Lock Down Upside
A DIFFERENT TIME, SAME ADDRESS
I stopped writing my ideas because I began to believe they were only adding to the crush of opinions amid all the overload of information we received.
I am older. I’ve lived a rich, full life. I am not a technology maven.
I leave that to the younger ones ( my children and grandchildren!).
However, on April 9, Holy Thursday for us, our friends celebrated our 47th Seder together —- over ZOOM. We have raised children together, created flowers for children’s weddings, welcomed grand-babies, kept our bodies and souls together through challenging times and tonight we could not NOT be together even though we are on lock down.
We are the old ones: the ventilators won’t go to us. Yet. YET, we need each other. We support each other. We love each other. This is no normal time. We wonder about our grandchildren’s future. We want to be their positive light - their LIGHTBEAMER. But, are we naive? Are we too Old School?
Our gathering with no physical contact, made us all want more. We miss the hug, the pat on the back, the “I’ll pick it up for you”, “want to meet for coffee?”.
Will we ever return to our old normal? We all say NO. It will be a new way of living. We know a new pandemic awaits. A new social isolation will come. We will have to trust someone because in our guts we want to believe someone is in control and working to protect us. This knowledge has us all wondering is anyone person ever in control? Where do we fit? What is our role. These are challenging questions and if we do not face them, chew on them, analyze them NOW, when?
Do we have the fortitude to lead, guide, question? Do we know our strengths?
What are we able to do in our city? On our street? In our home?
We are the WE.
We are THEY.
We are called to DO.
Do = ACTION
Not being saints, being ME at my best.
What will I do? NOW?
My current actions are limited as I broke my ankle, requiring surgery, as the virus came to our land. My usual active self had to reevaluate how to participate.
I thrive on my social connections. I have to maintain that. One way - postcards.
We all have piles from places we visited. I write one a day to friends to just stay in touch. As my 97 year old mom says, “Getting a piece of mail with a note lets me know someone is thinking of me and knows I am alive.”
A retired teacher part of me wants to reach out to kids - and their parents - so I began reading my favorite kids’ books on facebook. I pretend my grandchildren are listening. It is challenging to hold the book in the right place, have perfect light, but it is fun for me. The response is positive and after each posting live, I have given some of me to some bored child who hears another voice. I include a little activity if anyone wants to follow up. It’s not Reading Rainbow, but it my little gift.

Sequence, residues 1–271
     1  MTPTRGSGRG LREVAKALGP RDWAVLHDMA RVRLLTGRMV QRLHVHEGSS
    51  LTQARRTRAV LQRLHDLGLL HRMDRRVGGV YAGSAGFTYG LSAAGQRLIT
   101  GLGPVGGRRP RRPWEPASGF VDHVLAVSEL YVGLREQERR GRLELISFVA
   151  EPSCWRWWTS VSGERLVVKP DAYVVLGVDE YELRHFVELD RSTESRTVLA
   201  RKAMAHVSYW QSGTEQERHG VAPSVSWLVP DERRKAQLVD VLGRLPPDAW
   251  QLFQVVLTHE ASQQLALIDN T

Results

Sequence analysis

I also created THE POSTCARD PROJECT.
We have numerous postcards from our travels, my mother in laws travels, stashed away. No longer, I have 5 grandchildren ranging in age from 16-3. I send each a post card a week with questions on the back and an activity. If the postcard is a place I know they want to visit, I ask them to plan their trip, find good restaurants, what sights to see? If it is a picture of a former President and his wife I ask them what they would do if their grandparents were living in the White House? What would they want to see, where would they play, what would they eat? Would they suggest any new laws or directives? Who would they want to invite over?
An old fire engine led me to ask a lego lover to create a lego firetruck.
All the cards require a reply of some sort - a photo of what the created, a story, a picture, a call.
In a month I am taking all the information and creating a photo book for them of all their creative ideas with notes of how they survived this unique experience.
And the biggest challenge for me and the largest change I have made is to accept help. Numerous friends and neighbors offered to deliver meals, go to the market for us, throw our morning newspaper up on the porch, weed our yard. My former self would have said, “OH, no, we are OK. We can handle it.” What I have learned is to say, THANK YOU, that would be tremendous.
By accepting help I have created space for us all to connect. What comes to me, I can pass on with caring compassion to another. Both of us can smile a bit wider, feel stronger and know we are not alone in our lock down world.
And this quote reflects my belief about how to go forward.
“You don’t have a right to cards you believe you should have been dealt.
You have an obligation to play the hell out of the one’s you’re holding.”
Show up and be bold.
We remember the bold and the brave.
We remember the compassionate.
We remember the givers.
We remember those who laugh with us.
We remember those who listen.
We remember those who make a difference to us.
Tina Cole Kreitz April 16, 2020